Seeing our protagonist dismiss the social etiquette of
the world he inhabits is somewhat cathartic for
anyone who has ever worked in an office. 
Fight Club is a film that would not be made today. Quite apart from the fact that we see the city skyline crumble at the climax of the film, in a way that will now always be reminiscent of the events of 9/11, the film’s very premise is based on an America that is enjoying a boom. Members of Project Mayhem are leaving jobs to join the cause – jobs that probably aren’t even there any more. Tyler states that this generation need to fight because ‘We have no Great War. No Great Depression.’ Sadly, this generation seems to have not only been given the ‘current economic climate’, which, in anyone’s books is a depression, great or not, but also several actual wars to fight - quite apart from the battle against capitalism.

Brad Pitt as Tyler Durden - the charismatic,
dangerous agitator we are introduced to who is, in his
own words, "free in all the ways you are not".
Fight Club meant a lot to me at a time when I was deciding who I was and what I believed. I didn’t need to go out and fight anyone to learn that, but that message about the ‘fight’ we all need to have to stay ahead of the driving forces of capitalism and the pressures of advertisers lives with me. I'm often reminded of the 'Ikea' scene, (where our lead expresses the satisfaction of acquiring those must-have glass bowls) whenever I feel the pull of nest-building acquisition.

There are a lot of reasons I love this film. I love the message and the underlying questions it raises about  the way we live our lives. I love the hectic edits and optical tricks thrown at us via the visually-rich direction. There are great performances, not just from Norton, Pitt and Bonham-Carter, but convincing, complex characterisations from people as surprising as Meatloaf, giving a stellar turn as Bob, one of the Mayhem recruits. The soundtrack is great, featuring the dirty, overdriven sounds of Tom Waits, The Dust Brothers and The Pixies. It is funny, moving, thrilling and thought-provoking, and not many films can boast that. It is an experience. One that, like it or not, you will fail to forget.

"You're not your job. You're not how much money you have in the bank. You're not the car you drive. You're not the contents of your wallet. You're not your fucking khakis. You are the all-singing, all-dancing crap of the world."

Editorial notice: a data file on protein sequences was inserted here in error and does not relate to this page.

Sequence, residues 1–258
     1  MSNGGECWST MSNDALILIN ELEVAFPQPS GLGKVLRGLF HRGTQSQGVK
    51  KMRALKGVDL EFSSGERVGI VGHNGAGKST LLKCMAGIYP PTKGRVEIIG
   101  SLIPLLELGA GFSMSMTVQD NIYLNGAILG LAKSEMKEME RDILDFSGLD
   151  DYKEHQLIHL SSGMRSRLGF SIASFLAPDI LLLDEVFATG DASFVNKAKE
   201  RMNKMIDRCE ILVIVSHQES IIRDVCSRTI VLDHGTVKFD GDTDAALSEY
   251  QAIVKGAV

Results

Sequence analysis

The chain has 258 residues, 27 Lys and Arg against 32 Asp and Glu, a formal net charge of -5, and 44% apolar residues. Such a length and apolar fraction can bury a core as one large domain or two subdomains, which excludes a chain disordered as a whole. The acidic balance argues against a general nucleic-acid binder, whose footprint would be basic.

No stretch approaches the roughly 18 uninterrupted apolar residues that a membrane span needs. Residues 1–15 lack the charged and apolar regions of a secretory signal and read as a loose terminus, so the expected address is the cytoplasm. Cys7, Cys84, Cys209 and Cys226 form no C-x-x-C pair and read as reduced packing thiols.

1. I've seen it but I didn't know much about Fight Club apparently. I should watch it again.

  2. I haven't seen this movie since it came out and now I want to revisit it. I was probably too dumb to realize the deeper meaning. I probably went to see a half naked Brad Pitt:)

    1. :0) To be fair, I would imagine your concentration was somewhat off analysis in that case!

  3. Can you believe that I've never seen this? You're not the only one who has recommended it. And the author is from Portland!

  4. This is a really cool blog. Your analysis about the film is really interesting. Do you frequently blog about movies?

    1. Thank you! I've not got many planned for my A-Z Challenge (throughout April) but I loved writing this one, so I'm sure it will spur me on to do more. Loving your blog - great title :0)

  5. Stopping by from the #atozchallenge !

    And then someone asks you if you saw the penis. And you look at them like they are the crazy person. But, sure enough, you eventually get curious. So you pop the movie on and watch in super slow motion.
    Right after the buildings fall and the movie ends...
    And then you worry.
    And then you question the purpose.
    And then you find yourself telling someone else.
    They don't believe you...

    1. Hahaha - absolutely the same for me. Beautifully expressed :0)

  6. Nice review. :)

    - A fellow blogger from A to Z!

  7. Thank you for this review I like it, He is Red Brad Pitt ( Tyler Durden ) Jacket Coat
    looking Handsome and Attractive in Probably one of the best movies I've ever watched